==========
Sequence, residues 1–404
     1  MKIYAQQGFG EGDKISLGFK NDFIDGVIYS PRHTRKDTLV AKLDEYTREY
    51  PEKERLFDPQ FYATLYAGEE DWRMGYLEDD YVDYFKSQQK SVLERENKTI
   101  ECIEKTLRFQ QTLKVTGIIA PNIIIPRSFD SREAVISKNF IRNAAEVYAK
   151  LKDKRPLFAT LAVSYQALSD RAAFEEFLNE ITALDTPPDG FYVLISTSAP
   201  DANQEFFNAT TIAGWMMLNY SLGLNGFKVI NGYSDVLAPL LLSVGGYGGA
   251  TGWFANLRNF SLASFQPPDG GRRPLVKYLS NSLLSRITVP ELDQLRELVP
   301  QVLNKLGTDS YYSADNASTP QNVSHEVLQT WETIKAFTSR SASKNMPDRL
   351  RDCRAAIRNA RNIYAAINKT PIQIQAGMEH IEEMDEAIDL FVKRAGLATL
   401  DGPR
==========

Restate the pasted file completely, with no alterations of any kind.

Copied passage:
Sequence, residues 1–404
     1  MKIYAQQGFG EGDKISLGFK NDFIDGVIYS PRHTRKDTLV AKLDEYTREY
    51  PEKERLFDPQ FYATLYAGEE DWRMGYLEDD YVDYFKSQQK SVLERENKTI
   101  ECIEKTLRFQ QTLKVTGIIA PNIIIPRSFD SREAVISKNF IRNAAEVYAK
   151  LKDKRPLFAT LAVSYQALSD RAAFEEFLNE ITALDTPPDG FYVLISTSAP
   201  DANQEFFNAT TIAGWMMLNY SLGLNGFKVI NGYSDVLAPL LLSVGGYGGA
   251  TGWFANLRNF SLASFQPPDG GRRPLVKYLS NSLLSRITVP ELDQLRELVP
   301  QVLNKLGTDS YYSADNASTP QNVSHEVLQT WETIKAFTSR SASKNMPDRL
   351  RDCRAAIRNA RNIYAAINKT PIQIQAGMEH IEEMDEAIDL FVKRAGLATL
   401  DGPR